As climate change increases and the oceans warm, it could have a huge impact on the fishing industry due to the displacement of fish populations from one country’s waters to another, according to a new Canadian study. .
In a study published Tuesday in the journal Global Change Biology, researchers from the University of British Columbia found that 45% of fish stocks that already cross two or more exclusive economic zones will be forced by climate change to alter their migration patterns by 2100.
And 23% of these fish stocks will have already changed their habitat by 2030.
The researchers warned in a press release that this could cause international conflict in the future.
“It’s not just a question of stocks going or arriving to new [exclusive economic zones], but stocks that are shared between countries, completely changing their dynamics,” said lead author Dr Juliano Palacios-Abrantes, who led the study at the Institute for Oceans and Fisheries (IOF) in UBC, in the release.
“We will see even more dramatic changes by 2030 and beyond, given current emission rates. Many fisheries management agreements to regulate shared stocks have been established over the past decades, with rules that apply to a world situation that is not the same as today.
Fish stock is a term for sub-populations within a species – for example, a group of salmon that have traveled the same migration path for years and passed it on to new fish born to that group is a fish stock. separate fish.
The United Nations Convention on the Law of the Sea, which was introduced in 1982, prescribes which country has rights to specific areas of the sea around them, known as an exclusive economic zone (EEZ).
Canada’s EEZ is the seventh largest in the world. An EEZ means that the country in question has exclusive rights to use the resources in those waters, including wind or water power generation, as well as fishing and exploration rights.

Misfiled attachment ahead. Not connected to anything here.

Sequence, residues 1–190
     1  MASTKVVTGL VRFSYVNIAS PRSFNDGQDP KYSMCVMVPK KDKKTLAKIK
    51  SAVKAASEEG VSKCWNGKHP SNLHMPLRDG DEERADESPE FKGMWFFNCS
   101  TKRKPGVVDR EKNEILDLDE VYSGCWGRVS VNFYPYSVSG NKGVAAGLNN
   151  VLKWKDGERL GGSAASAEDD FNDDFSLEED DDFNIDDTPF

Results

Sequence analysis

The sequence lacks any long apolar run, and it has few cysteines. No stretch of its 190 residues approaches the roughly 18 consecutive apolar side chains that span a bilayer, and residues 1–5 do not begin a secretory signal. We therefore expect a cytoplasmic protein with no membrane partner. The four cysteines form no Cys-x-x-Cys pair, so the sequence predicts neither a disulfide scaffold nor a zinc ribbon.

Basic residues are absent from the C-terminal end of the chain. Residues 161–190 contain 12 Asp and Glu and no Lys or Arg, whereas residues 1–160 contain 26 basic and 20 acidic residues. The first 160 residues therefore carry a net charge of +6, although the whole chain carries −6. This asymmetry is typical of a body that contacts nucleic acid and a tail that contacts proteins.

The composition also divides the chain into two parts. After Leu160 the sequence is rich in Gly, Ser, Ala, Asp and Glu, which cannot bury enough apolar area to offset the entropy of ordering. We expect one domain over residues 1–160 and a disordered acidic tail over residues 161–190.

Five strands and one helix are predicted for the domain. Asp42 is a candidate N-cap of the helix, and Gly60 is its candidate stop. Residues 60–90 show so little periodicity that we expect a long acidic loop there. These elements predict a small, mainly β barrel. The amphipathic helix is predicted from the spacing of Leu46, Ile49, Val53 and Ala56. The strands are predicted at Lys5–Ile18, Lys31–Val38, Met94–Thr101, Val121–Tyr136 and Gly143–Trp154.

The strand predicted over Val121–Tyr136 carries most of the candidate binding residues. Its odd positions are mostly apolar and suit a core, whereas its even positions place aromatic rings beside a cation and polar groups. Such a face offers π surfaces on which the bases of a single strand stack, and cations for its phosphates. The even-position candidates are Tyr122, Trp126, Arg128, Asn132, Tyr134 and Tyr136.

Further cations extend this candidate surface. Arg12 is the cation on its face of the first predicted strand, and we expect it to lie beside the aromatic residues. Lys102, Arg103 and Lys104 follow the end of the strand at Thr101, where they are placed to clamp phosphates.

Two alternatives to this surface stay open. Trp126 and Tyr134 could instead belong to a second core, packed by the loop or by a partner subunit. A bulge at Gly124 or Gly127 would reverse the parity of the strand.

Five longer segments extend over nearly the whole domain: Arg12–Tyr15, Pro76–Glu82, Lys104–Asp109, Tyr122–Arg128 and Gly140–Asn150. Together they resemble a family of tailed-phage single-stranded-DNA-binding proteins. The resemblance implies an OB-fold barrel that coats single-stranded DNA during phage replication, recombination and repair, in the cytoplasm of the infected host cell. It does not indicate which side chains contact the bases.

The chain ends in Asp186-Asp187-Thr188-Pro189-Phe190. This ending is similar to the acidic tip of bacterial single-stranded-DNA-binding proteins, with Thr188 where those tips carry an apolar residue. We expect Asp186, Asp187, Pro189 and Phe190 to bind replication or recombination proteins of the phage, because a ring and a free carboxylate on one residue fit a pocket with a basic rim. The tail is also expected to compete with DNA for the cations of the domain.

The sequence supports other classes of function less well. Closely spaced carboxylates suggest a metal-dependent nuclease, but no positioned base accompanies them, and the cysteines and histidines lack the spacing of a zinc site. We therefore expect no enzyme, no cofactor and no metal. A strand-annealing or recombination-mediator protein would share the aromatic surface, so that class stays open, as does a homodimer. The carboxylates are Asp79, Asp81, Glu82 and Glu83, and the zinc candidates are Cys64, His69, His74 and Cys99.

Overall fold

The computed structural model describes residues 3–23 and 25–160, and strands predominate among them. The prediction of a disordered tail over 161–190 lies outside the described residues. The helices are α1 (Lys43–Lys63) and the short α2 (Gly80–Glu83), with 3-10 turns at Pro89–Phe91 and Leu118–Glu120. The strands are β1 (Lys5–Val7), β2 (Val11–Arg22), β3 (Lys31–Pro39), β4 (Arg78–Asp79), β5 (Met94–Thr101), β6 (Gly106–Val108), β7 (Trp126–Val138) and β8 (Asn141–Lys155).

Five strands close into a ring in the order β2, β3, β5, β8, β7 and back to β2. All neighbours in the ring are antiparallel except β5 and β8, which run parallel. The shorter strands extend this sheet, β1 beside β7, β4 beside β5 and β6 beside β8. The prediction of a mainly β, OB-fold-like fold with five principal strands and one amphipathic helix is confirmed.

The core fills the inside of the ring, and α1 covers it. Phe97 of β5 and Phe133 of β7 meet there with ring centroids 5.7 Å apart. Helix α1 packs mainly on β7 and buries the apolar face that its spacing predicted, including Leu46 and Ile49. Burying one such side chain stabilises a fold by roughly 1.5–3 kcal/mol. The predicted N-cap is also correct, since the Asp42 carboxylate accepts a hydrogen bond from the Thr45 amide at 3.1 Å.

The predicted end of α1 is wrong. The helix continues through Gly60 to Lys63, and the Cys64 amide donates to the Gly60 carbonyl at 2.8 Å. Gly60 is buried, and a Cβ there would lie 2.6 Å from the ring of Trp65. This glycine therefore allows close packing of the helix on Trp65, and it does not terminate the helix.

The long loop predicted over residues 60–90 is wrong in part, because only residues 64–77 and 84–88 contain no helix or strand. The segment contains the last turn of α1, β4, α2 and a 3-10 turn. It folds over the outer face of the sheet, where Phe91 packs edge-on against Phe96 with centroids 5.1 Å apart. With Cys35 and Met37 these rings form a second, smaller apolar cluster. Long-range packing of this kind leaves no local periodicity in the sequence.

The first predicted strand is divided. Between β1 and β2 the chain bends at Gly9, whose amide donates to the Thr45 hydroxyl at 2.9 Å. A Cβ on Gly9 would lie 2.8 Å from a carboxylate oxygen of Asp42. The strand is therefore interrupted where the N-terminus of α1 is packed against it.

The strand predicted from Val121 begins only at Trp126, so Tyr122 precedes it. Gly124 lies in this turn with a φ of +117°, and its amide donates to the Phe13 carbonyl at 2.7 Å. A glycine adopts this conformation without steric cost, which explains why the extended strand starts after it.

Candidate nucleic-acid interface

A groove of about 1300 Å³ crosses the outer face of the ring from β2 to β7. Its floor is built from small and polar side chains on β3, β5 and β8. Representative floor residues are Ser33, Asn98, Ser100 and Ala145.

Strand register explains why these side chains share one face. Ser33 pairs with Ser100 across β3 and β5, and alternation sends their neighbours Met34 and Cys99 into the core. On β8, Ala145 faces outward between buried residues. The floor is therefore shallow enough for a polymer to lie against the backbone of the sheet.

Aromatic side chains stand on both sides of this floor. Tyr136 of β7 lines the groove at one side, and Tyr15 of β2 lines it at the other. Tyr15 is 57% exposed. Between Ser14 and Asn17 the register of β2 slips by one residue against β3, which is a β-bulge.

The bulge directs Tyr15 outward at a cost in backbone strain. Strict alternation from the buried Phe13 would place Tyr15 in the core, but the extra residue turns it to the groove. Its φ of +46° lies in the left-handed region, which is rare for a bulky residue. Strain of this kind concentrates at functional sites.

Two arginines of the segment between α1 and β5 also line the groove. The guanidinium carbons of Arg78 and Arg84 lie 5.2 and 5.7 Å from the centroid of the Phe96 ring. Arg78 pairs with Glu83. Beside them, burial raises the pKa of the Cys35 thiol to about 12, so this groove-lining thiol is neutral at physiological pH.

However, fish do not know if they are swimming in international waters or in a country’s EEZ, and if the waters they have lived in for generations become uninhabitable for them due to climate change, they will swim elsewhere. So what if a country’s fishing industry has depended on a certain species for decades, and then that species moves to a neighboring country with colder waters?
There could be tensions, the researchers warn.
In the 1980s and 1990s, the release explains, shifting salmon stocks caused conflict between the United States and Canada, contributing to the overfishing of salmon in the areas in question.
The UBC study tracked over 9,000 transboundary fish stocks that account for 80% of EEZ catches worldwide. They started tracking in 2006 and looked at how climate change had already altered their movements, extrapolating how they might still change until 2100 based on the current progression of climate change.
Although tropical waters are first affected by the migration of fish stocks, this does not mean that northern waters can rest easy. The study found that 10 stocks shared by Canada and the United States in the Pacific Ocean could change by 2033, according to projections.
“By providing estimates of the magnitude and timing of projected changes, our study offers tangible reference points around which to examine the impacts of climate change and negotiate equitable policies for sustainable management” Dr. Colette Wabnitz, senior scientist at the Center for Ocean Solutions from Stanford and co-author of the study, said in the release.
The researchers suggest that to move with the times, countries might consider developing new agreements relating to EEZ rights, such as allowing other countries to fish specific stocks in their waters if they offer a share of the benefits. Existing catch quota agreements may also need to be redesigned.
“We must accept that climate change is happening and then act quickly enough to adapt fisheries management regulations to take it into account,” said Dr Gabriel Reygondeau, co-author and associate researcher at IOF, in the press release. .